Northern Ireland

Maghaberry prison 'is not safe enough'

Maghaberry Prison
Image caption Maghaberry Prison has still 'a long way to go' in terms of prisoners' safety

Safety for prisoners at Maghaberry jail is better than it was three years ago, but there is still a long way to go, a new report has said.

Inspectors said support for vulnerable prisoners was improving, but the issues of safety and respect remain.

Brendan McGuigan, chief inspector of Criminal Justice in NI said there was too much bullying and intimidation between prisoners.

He said some progress had been made, but there was significant work to do.

"It is still an establishment where there is too much bullying and intimidation of other prisoners going on within the prison.

"We would like to have seen that change completely - the fact that prison officers were intervening more to ensure other prisoners were not being bullied. One of the issues is that we welcome the fact there is mandatory drug testing going on, however, there is still an issue with prisoners being bullied to hand over their prescription medicines that that in itself creates a black market within the prison," he said.

Mr McGuigan added that many prisoners were spending up to 20 hours in their cells as there was not enough work for them.

"There is a challenge to the prison service to ensure that all of the people who do want to work are given that opportunity," he said.

Image caption Mr McGuigan said too much bullying was going on between prisoners

"There is no doubt that many of these prisoners suffer from mental health issues. It is a greater stimulus to be involved in purposeful activity as opposed to whiling away the hours in their cells."

The latest report raised concerns about supervision in areas where violence might happen. The prison inspection took place in March 2012.

Mr McGuigan said there was evidence of "green shoots" of improvement and he paid tribute to the governor and senior members of staff.

"Maghaberry Prison was assessed against the internationally recognised 'healthy prison' standards which examine the areas of safety, respect, purposeful activity and resettlement," he said.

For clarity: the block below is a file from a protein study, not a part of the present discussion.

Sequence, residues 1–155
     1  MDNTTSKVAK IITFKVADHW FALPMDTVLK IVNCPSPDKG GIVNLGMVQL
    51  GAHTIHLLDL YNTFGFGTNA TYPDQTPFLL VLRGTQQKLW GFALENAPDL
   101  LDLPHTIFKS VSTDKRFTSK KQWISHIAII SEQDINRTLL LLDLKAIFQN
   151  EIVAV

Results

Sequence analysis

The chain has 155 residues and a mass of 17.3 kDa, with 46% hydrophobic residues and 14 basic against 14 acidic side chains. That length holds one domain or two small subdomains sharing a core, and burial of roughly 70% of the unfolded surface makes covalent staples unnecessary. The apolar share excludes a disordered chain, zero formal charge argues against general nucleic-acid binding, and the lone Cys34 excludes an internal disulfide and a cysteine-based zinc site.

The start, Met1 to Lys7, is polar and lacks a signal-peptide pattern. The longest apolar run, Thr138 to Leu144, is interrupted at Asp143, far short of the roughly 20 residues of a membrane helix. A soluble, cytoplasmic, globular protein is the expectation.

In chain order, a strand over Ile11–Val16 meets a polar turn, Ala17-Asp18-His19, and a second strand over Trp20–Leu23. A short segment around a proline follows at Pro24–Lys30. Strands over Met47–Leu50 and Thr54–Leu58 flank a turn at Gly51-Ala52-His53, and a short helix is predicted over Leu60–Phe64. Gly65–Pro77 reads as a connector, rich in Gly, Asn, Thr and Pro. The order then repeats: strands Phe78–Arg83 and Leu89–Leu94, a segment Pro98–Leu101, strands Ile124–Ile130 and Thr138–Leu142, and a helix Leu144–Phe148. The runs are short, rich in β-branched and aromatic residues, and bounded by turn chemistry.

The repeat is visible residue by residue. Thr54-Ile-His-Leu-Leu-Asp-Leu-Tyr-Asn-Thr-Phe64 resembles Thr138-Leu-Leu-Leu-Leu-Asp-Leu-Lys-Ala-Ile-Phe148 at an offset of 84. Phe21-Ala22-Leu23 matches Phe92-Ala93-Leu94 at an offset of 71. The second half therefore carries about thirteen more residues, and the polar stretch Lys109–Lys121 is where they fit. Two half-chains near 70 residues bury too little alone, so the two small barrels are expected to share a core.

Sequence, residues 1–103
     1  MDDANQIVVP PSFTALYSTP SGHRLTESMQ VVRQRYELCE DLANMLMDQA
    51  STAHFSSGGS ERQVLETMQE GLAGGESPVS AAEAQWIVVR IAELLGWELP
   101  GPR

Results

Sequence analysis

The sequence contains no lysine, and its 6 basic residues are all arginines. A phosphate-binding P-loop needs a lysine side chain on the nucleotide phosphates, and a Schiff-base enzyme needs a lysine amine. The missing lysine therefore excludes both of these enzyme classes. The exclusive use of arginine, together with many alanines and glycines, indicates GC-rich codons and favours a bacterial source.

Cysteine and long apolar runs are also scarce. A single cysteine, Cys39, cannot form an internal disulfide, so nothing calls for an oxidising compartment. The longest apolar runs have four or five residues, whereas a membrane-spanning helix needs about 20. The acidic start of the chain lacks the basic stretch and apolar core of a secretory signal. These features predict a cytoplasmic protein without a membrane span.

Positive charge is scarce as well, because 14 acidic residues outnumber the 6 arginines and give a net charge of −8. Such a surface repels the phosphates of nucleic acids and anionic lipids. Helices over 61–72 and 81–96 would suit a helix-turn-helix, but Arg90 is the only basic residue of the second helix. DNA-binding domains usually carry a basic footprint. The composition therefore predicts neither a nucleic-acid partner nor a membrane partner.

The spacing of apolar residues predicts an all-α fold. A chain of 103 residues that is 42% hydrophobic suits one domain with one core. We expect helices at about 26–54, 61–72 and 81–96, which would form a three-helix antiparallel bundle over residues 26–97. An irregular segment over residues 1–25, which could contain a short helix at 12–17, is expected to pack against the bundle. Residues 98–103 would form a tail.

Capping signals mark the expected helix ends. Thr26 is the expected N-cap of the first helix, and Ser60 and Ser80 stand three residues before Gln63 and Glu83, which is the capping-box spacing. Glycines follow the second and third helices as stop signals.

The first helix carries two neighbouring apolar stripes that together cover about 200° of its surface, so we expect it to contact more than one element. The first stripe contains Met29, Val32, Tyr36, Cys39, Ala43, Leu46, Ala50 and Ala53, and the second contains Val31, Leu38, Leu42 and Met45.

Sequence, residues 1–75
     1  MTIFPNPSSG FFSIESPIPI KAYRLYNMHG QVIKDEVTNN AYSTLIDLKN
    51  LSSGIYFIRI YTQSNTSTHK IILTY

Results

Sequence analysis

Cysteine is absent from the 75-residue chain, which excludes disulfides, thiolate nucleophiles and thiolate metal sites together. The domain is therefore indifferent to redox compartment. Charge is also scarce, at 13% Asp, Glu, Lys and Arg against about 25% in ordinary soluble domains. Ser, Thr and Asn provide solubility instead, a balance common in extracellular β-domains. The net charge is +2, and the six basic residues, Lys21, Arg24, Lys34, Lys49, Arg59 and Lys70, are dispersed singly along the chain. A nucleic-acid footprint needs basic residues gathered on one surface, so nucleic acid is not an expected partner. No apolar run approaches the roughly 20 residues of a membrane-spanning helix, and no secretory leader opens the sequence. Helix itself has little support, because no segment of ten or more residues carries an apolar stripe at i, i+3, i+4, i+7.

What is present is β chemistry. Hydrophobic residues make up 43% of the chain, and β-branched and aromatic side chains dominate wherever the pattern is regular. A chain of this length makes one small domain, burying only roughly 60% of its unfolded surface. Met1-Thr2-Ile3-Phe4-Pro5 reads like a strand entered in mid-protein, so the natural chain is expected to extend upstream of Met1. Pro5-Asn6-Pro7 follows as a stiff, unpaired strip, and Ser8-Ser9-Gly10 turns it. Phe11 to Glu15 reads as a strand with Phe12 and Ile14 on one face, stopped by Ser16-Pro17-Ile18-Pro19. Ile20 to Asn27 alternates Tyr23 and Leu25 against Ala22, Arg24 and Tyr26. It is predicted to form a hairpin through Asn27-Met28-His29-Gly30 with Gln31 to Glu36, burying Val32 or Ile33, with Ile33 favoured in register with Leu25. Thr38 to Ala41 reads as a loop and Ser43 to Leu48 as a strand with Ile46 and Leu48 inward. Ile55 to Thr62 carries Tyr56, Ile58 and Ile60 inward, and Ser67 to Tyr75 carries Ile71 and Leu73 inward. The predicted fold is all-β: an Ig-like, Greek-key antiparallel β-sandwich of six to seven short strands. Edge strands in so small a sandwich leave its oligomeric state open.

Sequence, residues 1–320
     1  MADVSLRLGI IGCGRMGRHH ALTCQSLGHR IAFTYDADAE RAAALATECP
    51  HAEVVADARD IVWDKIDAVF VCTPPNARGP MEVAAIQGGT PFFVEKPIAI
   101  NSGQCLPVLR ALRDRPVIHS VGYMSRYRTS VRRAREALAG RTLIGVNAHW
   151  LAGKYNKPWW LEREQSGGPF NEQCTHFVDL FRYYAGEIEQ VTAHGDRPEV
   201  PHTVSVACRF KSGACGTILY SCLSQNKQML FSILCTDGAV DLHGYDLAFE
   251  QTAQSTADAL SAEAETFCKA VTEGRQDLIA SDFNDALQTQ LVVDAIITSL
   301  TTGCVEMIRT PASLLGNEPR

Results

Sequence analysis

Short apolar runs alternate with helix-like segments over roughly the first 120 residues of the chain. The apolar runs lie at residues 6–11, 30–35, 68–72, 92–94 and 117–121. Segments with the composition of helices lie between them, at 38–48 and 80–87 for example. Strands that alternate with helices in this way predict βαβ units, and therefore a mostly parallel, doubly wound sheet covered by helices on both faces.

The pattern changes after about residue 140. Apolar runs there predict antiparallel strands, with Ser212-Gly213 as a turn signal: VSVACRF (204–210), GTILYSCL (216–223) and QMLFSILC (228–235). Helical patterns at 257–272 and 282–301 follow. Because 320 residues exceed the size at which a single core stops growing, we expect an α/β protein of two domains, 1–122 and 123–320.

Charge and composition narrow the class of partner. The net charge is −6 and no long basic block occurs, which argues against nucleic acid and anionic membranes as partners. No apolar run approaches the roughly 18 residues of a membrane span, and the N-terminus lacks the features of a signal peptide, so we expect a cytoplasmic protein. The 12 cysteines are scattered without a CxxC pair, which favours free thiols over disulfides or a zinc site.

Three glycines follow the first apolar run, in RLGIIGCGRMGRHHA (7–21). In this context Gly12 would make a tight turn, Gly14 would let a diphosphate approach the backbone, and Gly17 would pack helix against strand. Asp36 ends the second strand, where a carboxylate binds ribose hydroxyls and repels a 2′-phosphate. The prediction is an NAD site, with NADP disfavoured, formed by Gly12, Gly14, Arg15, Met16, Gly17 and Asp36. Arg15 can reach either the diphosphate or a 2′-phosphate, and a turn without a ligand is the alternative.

"Inspectors found there had been some positive developments since 2009 in relation to the critical area of safety.

"Arrangements to support vulnerable prisoners were improving and the multi-disciplinary team in the Donard Day Centre provided excellent care for some very vulnerable individuals. Despite these developments, some gaps still existed,"

The report found there were still unequal outcomes for Catholic prisoners. The inspectors have urged the prison to deliver equality of outcomes for all at the jail.

Mr McGuigan said there were concerns about prescription medication and poor drug treatment processes.

Inspectors felt there was no effective monitoring of violence incidents to identify when or where they were likely to happen and how to prevent them.

Despite high levels of staffing, they found exercise and association areas were not well supervised.

"Maghaberry does not provide a sufficiently safe environment for prisoners held there," Mr McGuigan said.

"The inspection found signs of real improvement which are welcome, but the prison still has a long way to go.

"It does not yet provide a sufficient level of safety and respectful treatment with too many prisoners having insufficient purposeful activity during their time there."

Prison Service Director General Sue McAllister said they would act on the report.

"While there is still much room for improvement, progress has been made in three of the four 'healthy prison' tests, with the fourth remaining unchanged," she said.

"I particularly welcome the improvements in safety, though accept that some issues remain unresolved, and in resettlement, where the outcomes for prisoners were assessed as being reasonably good."

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